Shrinking Sun Debate and Poll
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Since 1836, the diameter of the sun
has been measured to be shrinking about 5 ft. per hour. By going back in history
and studying solar eclipses, scientists say that this shrinkage appears to be
constant. Extrapolating backward, we find that the sun would have been so large
one million years ago that no life at all could have existed on this earth. If
we went back 20 million, which is still far short of the 5 billion many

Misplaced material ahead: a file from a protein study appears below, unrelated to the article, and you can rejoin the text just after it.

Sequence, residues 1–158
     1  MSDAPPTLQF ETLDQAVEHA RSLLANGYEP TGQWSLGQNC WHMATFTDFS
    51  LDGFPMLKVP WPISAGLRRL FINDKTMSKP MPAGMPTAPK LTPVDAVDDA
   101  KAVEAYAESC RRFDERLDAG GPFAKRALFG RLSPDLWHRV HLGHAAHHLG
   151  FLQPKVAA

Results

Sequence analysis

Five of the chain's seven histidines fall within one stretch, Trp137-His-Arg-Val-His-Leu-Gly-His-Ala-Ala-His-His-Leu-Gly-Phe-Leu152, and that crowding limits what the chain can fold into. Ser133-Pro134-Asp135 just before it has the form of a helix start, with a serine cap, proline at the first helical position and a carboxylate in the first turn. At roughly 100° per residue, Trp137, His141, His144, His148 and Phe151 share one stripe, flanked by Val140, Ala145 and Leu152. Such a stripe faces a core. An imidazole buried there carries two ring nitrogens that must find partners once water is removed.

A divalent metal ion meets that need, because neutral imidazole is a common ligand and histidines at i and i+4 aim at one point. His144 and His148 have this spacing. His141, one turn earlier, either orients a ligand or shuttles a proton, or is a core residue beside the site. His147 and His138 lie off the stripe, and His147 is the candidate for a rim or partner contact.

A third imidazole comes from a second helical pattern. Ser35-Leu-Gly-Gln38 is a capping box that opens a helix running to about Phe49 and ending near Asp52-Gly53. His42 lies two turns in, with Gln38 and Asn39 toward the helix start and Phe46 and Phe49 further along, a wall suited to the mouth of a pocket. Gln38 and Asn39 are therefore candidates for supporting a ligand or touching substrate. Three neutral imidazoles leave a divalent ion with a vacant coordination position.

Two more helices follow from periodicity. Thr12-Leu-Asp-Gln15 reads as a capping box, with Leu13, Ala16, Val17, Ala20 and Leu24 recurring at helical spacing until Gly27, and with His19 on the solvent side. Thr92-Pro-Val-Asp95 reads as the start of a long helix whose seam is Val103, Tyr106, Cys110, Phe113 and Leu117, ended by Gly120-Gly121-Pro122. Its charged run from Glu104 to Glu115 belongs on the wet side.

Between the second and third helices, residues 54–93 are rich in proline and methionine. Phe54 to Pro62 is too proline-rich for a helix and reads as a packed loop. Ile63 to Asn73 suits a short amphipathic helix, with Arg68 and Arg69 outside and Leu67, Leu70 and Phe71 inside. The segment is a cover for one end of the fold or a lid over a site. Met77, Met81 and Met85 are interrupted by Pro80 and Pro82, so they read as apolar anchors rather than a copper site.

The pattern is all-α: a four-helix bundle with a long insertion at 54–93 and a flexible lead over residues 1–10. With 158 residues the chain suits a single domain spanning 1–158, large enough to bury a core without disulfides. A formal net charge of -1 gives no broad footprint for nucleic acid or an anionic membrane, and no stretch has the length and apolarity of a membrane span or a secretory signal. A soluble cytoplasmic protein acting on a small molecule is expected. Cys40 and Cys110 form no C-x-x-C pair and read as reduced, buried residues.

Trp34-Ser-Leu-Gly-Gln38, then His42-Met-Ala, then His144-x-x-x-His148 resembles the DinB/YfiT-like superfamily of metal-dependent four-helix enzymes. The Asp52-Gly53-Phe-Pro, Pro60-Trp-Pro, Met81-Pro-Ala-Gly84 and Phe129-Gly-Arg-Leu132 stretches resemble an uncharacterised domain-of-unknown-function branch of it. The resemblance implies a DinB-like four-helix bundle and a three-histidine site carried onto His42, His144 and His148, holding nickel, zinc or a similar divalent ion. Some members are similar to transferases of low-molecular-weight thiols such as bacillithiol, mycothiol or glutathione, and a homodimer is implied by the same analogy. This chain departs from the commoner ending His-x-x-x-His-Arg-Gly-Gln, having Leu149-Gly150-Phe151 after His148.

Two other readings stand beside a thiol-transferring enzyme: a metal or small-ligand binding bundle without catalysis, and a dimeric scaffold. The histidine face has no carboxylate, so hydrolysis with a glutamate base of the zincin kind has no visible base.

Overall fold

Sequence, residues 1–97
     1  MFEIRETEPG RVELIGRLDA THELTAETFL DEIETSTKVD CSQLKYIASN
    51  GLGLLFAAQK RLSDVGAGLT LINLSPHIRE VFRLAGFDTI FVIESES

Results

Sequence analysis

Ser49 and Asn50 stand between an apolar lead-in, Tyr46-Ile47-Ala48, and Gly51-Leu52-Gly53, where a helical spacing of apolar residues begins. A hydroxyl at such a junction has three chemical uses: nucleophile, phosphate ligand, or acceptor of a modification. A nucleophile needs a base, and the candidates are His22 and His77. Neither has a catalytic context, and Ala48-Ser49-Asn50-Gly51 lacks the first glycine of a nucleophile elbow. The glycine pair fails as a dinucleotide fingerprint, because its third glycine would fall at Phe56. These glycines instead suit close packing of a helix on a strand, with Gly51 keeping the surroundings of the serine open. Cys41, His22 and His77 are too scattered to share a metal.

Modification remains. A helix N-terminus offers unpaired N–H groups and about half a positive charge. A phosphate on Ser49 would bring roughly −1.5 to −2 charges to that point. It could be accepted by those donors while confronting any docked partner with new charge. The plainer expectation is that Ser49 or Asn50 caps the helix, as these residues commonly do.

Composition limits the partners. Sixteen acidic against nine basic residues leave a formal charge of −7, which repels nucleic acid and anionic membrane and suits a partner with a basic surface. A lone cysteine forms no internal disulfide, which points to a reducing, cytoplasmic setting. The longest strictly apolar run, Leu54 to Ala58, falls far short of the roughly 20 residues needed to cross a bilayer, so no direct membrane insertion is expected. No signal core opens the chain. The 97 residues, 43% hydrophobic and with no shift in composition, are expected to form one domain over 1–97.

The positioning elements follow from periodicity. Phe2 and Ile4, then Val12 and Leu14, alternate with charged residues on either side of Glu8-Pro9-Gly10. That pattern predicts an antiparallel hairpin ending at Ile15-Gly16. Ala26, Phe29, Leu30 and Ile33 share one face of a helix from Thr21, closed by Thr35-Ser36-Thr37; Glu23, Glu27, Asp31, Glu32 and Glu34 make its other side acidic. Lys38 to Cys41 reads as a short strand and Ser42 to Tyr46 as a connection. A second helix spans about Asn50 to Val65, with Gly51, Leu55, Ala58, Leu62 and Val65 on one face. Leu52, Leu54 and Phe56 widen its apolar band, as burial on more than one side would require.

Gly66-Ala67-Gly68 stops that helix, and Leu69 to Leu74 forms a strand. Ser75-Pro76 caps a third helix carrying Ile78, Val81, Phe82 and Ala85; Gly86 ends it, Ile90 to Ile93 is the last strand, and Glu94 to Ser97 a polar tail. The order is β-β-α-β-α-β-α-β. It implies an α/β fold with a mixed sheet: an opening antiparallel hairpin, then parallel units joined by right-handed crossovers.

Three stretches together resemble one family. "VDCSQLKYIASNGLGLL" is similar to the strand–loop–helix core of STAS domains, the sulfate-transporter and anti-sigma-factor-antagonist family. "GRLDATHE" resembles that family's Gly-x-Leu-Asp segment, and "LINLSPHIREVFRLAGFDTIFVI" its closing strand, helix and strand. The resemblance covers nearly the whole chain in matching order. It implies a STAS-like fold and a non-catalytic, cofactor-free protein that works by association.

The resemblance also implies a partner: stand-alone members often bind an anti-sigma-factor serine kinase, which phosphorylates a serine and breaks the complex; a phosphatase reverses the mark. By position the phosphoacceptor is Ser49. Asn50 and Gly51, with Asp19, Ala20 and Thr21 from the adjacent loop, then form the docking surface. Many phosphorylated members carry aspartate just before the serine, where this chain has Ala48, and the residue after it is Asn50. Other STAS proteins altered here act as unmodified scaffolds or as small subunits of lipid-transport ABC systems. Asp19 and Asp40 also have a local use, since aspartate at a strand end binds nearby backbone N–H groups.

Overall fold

evolutionists claim as the age of the solar system, the edge of the sun would
have touched the earth. The earth would have exploded long before the sun ever
got that close.
A recent measurement of the solar diameter is that of Brown & Christensen-Dalsgaard (1998). From data taken over the period 1981-1988, they report a radius of 695,508 +- 26 km, with no evidence of change over time. Even over such a short period of time, their time series is sufficient to exclude an ongoing shrinking at the Akridge rate of five feet per hour, albeit at a modest statistical confidence level. I extracted the data from figure 2 in Brown & Christensen-Dalsgaard (1998) and did some line fitting, finding that the best fit to the data is a slight, statistically insignificant, growth of the diameter of the sun. No support whatsoever for shrinkage.